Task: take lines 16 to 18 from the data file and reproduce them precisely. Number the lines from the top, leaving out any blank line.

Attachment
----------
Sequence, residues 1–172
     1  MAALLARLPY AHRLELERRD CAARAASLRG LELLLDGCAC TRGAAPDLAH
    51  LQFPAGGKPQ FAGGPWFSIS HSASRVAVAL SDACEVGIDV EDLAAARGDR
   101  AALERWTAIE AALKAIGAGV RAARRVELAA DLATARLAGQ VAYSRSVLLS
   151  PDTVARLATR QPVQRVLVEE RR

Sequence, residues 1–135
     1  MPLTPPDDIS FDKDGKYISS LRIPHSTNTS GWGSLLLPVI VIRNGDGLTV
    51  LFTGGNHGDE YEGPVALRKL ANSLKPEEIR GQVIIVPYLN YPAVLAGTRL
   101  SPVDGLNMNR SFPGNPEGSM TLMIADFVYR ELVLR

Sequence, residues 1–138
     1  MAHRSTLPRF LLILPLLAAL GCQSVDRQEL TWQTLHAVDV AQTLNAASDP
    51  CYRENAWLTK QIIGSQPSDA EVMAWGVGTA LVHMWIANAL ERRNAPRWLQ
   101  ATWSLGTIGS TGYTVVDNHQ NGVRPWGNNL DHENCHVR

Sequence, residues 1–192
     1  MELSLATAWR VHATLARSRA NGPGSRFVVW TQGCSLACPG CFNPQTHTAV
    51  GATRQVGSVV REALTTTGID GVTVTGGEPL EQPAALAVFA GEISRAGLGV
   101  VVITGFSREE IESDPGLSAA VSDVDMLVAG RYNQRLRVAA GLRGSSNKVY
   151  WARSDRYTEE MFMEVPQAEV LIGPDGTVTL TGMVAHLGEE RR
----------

    51  GATRQVGSVV REALTTTGID GVTVTGGEPL EQPAALAVFA GEISRAGLGV
   101  VVITGFSREE IESDPGLSAA VSDVDMLVAG RYNQRLRVAA GLRGSSNKVY
   151  WARSDRYTEE MFMEVPQAEV LIGPDGTVTL TGMVAHLGEE RR